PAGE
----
“A big part of our marketing is telling our story,” Mattingly said. “It’s a business, so you can’t do it to save a failing farm. But it’s a great alternative to having to get bigger and bigger.”
Pioneering member of Kentucky Proud
Kenny’s Cheese has been a member of Kentucky Proud since it was a fledgling program under former Agriculture Commissioner Billy Ray Smith.
“I don’t think there’s a state around us that has done a better job than Kentucky has done with all the promotion,” Mattingly said. “When we’re busy milking cows and making cheese, marketing is the last thing on our minds.
“I don’t think we would’ve had the success we’ve had without Kentucky Proud,” he added. “They bridged the gap between consumer and producer.”
During the past five years, the Kentucky Agricultural Development Board approved funding for two projects at Kenny’s Cheese.
“We built a new dairy barn five years ago and a new cheese facility three years ago,” Mattingly said. “It [the board] helped us secure financing when we needed it. It’s also good knowing it’s a low-interest rate over the life of the loan.”
Mattingly’s son, Jared, still in his 20s, manages the dairy side of the family business, while Kenny runs the cheese side.
“I make sure I don’t get in his way,” Kenny joked. “Jared is able to add value to our milk and not be a slave to the farm.
“He went to business school at Western [Kentucky University], so he sees it [cheesemaking] as a way to make money. I like it more for the lifestyle. He’s more financial savvy that I am.”
Kenny’s Cheese and the dairy farm have eight employees, including Jared, Kenny, and his wife, Beverly.
Kudos for Kenny's
Food and Wine magazine named Kenny’s Cheese one of 10 great artisan cheeses for its “Ted” variety, named after Kenny’s grandfather. “Ted” is a cheddar that is “cave aged” in an underground aging room.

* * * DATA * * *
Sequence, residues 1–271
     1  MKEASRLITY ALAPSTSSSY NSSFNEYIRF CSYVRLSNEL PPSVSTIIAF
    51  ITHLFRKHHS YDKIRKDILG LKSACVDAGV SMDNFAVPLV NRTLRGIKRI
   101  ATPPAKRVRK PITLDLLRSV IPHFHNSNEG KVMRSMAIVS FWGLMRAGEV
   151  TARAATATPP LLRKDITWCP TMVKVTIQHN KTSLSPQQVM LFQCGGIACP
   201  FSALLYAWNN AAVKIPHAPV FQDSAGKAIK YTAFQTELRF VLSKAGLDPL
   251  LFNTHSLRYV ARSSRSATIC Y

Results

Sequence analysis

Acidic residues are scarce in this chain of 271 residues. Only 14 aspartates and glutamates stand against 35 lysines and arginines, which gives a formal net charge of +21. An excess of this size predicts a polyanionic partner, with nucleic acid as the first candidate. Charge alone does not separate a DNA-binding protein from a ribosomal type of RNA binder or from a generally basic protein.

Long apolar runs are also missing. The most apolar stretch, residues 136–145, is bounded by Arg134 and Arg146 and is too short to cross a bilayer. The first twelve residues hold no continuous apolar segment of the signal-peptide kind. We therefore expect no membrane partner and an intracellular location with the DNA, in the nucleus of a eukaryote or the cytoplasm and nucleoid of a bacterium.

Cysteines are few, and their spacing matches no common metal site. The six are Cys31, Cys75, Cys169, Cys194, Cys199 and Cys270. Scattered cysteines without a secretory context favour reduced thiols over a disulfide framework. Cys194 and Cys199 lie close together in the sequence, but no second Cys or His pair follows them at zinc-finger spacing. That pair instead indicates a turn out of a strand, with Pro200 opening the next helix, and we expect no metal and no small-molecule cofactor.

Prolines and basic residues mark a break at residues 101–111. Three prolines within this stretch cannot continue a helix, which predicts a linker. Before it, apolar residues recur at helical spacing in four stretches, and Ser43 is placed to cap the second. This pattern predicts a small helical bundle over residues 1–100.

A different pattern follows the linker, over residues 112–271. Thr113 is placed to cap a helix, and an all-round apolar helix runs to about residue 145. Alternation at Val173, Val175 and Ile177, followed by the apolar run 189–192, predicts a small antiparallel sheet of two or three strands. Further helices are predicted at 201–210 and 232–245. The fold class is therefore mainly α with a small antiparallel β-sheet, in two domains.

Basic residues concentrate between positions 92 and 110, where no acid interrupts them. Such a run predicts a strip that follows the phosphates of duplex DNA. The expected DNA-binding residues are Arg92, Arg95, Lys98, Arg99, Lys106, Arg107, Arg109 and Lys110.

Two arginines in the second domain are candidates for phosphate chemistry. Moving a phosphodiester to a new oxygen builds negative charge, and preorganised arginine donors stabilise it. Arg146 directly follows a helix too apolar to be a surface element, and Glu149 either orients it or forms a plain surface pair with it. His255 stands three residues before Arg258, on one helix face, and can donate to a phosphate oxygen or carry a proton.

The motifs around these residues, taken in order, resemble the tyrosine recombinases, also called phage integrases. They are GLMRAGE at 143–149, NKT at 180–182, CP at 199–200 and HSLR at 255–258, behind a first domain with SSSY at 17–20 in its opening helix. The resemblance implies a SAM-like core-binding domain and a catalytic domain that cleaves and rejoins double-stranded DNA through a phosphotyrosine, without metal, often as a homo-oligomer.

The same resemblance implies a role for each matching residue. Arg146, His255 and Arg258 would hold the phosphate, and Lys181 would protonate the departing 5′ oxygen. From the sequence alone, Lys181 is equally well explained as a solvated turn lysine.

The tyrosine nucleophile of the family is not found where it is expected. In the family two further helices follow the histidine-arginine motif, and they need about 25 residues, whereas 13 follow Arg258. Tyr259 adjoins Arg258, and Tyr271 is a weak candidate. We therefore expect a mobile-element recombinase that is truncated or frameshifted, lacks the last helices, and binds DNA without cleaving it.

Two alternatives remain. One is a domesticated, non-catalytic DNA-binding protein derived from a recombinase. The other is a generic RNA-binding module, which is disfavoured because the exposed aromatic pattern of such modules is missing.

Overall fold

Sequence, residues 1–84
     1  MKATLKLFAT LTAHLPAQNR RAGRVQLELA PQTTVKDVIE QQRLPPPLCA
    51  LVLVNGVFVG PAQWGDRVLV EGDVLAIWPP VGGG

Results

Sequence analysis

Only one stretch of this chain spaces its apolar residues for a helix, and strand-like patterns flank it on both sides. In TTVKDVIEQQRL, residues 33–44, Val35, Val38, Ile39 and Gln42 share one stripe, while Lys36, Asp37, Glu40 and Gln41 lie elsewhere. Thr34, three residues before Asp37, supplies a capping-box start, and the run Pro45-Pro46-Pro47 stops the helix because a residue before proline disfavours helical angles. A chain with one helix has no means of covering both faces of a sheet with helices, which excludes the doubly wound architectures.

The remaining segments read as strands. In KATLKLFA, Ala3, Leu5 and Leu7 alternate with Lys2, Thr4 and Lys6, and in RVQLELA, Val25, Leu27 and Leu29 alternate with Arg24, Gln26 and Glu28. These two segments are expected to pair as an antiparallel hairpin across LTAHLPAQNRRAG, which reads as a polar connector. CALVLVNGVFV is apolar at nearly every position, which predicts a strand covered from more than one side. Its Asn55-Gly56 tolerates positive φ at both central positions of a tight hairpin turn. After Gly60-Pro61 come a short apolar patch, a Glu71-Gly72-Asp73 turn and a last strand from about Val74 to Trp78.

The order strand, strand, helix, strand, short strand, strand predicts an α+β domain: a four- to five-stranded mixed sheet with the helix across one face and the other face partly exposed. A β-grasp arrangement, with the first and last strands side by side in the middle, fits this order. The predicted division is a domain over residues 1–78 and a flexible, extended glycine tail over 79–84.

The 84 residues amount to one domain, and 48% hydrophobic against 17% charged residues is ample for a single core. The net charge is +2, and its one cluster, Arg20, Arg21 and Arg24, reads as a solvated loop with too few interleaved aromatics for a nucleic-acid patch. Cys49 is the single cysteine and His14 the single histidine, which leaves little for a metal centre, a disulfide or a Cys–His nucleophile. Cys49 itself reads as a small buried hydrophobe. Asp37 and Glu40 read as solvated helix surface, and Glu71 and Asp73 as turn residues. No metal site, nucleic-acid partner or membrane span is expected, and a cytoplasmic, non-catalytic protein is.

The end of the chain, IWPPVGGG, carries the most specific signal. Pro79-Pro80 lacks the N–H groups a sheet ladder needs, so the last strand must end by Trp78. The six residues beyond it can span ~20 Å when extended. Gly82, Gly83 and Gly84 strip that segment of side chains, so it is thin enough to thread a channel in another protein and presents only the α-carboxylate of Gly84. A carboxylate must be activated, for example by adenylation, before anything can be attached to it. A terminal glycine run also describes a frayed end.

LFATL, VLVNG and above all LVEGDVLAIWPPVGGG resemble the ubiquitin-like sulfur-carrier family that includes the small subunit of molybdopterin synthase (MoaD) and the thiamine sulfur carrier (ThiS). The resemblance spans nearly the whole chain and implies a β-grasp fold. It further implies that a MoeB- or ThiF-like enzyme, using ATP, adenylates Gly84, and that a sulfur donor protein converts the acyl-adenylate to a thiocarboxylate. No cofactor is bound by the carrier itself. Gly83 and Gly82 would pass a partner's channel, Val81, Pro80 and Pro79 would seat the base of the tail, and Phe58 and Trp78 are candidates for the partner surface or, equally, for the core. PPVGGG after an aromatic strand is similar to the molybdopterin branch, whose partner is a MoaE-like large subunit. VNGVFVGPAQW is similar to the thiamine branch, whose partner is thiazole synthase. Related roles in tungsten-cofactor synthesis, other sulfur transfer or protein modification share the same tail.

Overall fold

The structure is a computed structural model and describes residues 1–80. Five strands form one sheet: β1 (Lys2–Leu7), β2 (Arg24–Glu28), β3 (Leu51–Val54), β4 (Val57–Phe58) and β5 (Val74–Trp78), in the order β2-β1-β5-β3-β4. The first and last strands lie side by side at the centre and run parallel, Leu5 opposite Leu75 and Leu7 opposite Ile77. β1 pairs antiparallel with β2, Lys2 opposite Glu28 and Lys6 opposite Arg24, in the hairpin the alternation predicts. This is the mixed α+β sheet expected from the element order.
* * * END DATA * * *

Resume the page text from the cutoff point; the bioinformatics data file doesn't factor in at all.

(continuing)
Kenny’s distributes its cheese in 15 states. Some of its signature cheeses, like Kentucky Rose, are delivered to large cities like Atlanta, Chicago, Dallas, St. Louis, and San Francisco, mostly for restaurant use.
“Exciting things are happening with the University [of Kentucky],” Kenny said, noting he supplies “a couple thousand pounds” of cheese to UK through Sysco. Berea College buys Kenny’s mozzarella.
Last spring, a large winery in Napa Valley, California, called Kenny’s Cheese Shop on the farm. The winery was hosting a Kentucky Derby event and discovered Kenny’s when it searched for “Kentucky cheese” on the Internet. “They ordered quite a bit,” Kenny noted.
Kenny begins each day at 6 a.m., bringing fresh milk into the creamery.
“In cheesemaking, you combine the milk with enzymes, then cook, drain, and press it,” he explained. “The process takes two people ’til about 3 p.m., about a nine- to 10-hour day.”
When time allows, Jared and Kenny take turns making cheese for two to three days a week.
“Other employees help,” Kenny said. “I get a batch started, and they finish it.
“A few years ago, there were days where we were making it six mornings a week and four evenings with double shifts,” he added. “That’s when cheesemaking loses its fun!”